Do you meditate or practice mindfulness regularly?
Anyone who follows me, reads my newsletters or visits my YouTube channel will know that I am a big believer in the power of our minds to help heal us and allow us to create better, healthier and more enjoyable and fulfilling lives.
And not only do I know this from personal experience – and from witnessing the positive effects of prescribing meditation to my patients, as part of my lifestyle medicine practice – the scientific evidence for meditation is stacking up.
It’s no surprise that meditation is on the rise across the UK. The mental health impact of the pandemic has lead to more and more people seeking help with their emotions and self regulation. And the growing scientific evidence supporting the positive effects of mindfulness on mental health has lead to an uptake across our schools and universities, our businesses, and even our government, with hundreds of British politicians receiving mindfulness training in recent years.
the growing scientific evidence supporting the positive effects of mindfulness on mental health has lead to an uptake
Just how popular is mindfulness in the UK?
So how popular is mindfulness in the UK, really?
A study in 2018 suggested that around 15% of British adults had learned to practice mindfulness specifically (with around 9% doing so regularly) and another study showed that about 26% of us practice some type of meditation (12% have a regular meditation practice). And all the evidence points to the number of people practising having grown further since then.
The majority of us learn our mindfulness practice from a book, course, or app. The use of mindfulness apps in particular is on the rise, fuelled by the pandemic. Mindfulness apps Calm and Headspace (fun fact: both built by British entrepreneurs!) were launched in 2012, and started making serious money in 2018. But it was the impact of the pandemic that further increased their reach: Headspace had 3.75 million downloads in the first quarter of 2020, and maintained an average of three million for its quarterly downloads that year, while downloads for Calm reached almost 10.5 million worldwide in the second quarter of 2020.
Why are meditation and mindfulness becoming more popular?
As I’ve already said above, the pandemic has been a huge driver in the increased uptake of meditation and mindfulness. A combination of fear and anxiety about COVID itself, the challenges of repeated lockdowns, and uncertainty about the future lead to more and more people seeking something to help them manage all those emotions and tensions.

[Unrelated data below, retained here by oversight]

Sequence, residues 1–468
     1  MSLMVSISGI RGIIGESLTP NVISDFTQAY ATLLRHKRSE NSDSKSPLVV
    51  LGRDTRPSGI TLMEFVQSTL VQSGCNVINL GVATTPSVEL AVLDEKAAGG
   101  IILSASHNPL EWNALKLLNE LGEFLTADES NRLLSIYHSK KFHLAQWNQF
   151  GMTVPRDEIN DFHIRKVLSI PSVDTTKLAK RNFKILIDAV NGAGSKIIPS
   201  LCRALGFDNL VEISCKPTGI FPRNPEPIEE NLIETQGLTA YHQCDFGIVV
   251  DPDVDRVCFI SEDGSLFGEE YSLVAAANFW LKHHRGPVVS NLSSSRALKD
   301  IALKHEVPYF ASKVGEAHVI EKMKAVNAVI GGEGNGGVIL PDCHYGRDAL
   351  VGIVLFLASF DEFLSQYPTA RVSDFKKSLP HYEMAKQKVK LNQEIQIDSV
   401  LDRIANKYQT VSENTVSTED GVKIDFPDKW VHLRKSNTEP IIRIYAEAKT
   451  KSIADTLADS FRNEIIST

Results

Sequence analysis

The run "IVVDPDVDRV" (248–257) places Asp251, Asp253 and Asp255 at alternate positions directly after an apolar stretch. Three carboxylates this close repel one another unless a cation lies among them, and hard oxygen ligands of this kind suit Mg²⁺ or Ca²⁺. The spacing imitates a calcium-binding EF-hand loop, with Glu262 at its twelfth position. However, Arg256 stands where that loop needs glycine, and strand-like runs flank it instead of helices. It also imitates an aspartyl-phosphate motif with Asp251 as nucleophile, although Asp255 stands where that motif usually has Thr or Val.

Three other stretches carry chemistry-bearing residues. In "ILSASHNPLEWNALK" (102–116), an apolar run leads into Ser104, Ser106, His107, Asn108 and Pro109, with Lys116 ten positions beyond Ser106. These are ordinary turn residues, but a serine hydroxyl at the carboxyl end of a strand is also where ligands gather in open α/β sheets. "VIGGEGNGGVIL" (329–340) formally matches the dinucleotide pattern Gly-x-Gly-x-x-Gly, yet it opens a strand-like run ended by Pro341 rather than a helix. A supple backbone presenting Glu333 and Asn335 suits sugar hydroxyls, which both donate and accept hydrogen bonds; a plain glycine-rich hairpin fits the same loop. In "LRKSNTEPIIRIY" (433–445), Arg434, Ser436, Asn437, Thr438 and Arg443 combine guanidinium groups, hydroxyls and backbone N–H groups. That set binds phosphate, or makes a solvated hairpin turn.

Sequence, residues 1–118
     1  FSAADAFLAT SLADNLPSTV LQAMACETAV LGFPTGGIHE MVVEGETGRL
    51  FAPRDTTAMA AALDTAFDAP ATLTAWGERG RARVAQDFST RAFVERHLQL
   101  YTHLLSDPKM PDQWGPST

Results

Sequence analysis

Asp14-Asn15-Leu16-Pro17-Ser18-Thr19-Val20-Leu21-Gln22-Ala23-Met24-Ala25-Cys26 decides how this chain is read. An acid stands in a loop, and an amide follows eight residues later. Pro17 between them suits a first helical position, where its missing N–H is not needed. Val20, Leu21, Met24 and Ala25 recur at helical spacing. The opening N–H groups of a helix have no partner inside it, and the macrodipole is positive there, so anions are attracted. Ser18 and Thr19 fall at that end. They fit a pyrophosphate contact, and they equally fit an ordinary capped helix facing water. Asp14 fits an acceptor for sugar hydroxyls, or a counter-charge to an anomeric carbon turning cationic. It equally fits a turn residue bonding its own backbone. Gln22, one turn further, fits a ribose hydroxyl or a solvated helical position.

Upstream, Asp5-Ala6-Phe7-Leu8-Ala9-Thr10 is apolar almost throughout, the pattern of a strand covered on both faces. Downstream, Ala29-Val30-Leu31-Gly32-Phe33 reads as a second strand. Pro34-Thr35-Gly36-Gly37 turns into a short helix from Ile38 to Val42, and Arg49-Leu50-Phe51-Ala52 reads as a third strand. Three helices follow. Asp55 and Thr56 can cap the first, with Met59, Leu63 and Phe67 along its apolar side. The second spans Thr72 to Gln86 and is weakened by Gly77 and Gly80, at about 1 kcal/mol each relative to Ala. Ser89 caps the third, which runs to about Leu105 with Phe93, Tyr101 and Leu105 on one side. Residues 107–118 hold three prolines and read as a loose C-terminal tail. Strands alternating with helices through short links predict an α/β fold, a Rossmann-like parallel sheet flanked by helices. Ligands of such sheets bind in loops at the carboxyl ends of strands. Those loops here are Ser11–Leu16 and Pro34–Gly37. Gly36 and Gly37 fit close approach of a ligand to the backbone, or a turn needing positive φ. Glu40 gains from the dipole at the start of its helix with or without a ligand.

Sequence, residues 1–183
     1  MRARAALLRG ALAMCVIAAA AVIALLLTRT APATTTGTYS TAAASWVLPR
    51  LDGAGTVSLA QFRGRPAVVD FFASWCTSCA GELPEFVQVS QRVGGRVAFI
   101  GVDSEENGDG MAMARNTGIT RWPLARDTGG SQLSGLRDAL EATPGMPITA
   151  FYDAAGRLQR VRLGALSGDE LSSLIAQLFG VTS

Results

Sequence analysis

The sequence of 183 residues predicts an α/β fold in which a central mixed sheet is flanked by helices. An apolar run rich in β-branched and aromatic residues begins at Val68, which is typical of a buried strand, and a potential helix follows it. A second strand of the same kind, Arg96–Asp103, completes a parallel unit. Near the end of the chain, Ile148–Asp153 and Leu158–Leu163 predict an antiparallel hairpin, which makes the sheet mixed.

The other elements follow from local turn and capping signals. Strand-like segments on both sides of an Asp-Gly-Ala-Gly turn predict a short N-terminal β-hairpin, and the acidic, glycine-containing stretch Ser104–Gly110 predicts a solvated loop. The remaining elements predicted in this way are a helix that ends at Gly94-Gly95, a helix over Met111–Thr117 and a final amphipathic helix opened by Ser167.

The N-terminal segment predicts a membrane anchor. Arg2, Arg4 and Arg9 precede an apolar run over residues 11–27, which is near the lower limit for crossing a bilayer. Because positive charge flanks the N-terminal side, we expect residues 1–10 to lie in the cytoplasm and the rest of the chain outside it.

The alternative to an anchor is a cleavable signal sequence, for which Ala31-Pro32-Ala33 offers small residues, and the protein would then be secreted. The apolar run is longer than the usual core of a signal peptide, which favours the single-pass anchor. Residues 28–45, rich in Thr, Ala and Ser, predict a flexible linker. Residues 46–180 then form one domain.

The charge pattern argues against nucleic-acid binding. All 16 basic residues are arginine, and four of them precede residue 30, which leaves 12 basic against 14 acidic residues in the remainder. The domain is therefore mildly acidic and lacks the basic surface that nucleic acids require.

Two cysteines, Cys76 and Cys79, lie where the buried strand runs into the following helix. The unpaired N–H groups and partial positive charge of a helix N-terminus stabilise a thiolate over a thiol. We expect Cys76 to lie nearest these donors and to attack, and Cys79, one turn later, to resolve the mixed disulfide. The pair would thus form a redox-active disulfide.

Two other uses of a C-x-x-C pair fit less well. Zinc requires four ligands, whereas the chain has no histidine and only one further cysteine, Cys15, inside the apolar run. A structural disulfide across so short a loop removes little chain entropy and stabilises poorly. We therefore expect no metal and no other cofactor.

The attention economy
Between social media, the ‘always on’ culture of receiving work communications at all times of the day and night, the gig economy of multiple jobs and never-ending tasks, and increasing numbers working from home, many of us are feeling drained by too many claims on our attention. It can be hard to switch off and stop scrolling. Mindfulness is a great way to calm our minds, centre ourselves and bring our attention inward.
The unsettled feel of the times we’re living in – COVID, the political divide over so many contentious issues, the war in Ukraine, climate change, the economic uncertainty of the cost of living crisis – is contributing to a crisis in mental health. More than ever, people are seeking a way to feel more in control, to feel calmer, to find a quiet space inside themselves to recharge and heal.
Mindfulness is a great way to calm our minds, centre ourselves and bring our attention inward.
Start (or resume!) your mindfulness practice today
If (like most of us, I imagine) you are feeling the negative effects of both modern life and global pressures, and you haven’t yet tried mindfulness – or perhaps you have tried it, but didn’t establish a routine around it, or have let your practice slip away – now is the perfect time to start (or re-start!). If you’re new to this and not sure where to start or what to do, you can read my guide on how to meditate.
If you think meditation is difficult or complicated, it really isn’t! And you’ll be surprised at how much meditation helps when you practice regularly.
Meditation and Mindfulness: what’s the difference?
Meditation is the skill of developing focus and being content in the present moment. It’s your own, uninterrupted breathing space. It’s a practice that can help you manage your thoughts and feelings and deal better with difficult emotions like fear, worry and grief, as well as having all sorts of mental and physical health benefits.
According to the British School of Meditation there are four main schools of meditation:
So yes – mindfulness is just a form of meditation. It’s about creating an awareness of your body, including the sensations within, and your emotions in the present moment.
You can try out my free meditations here.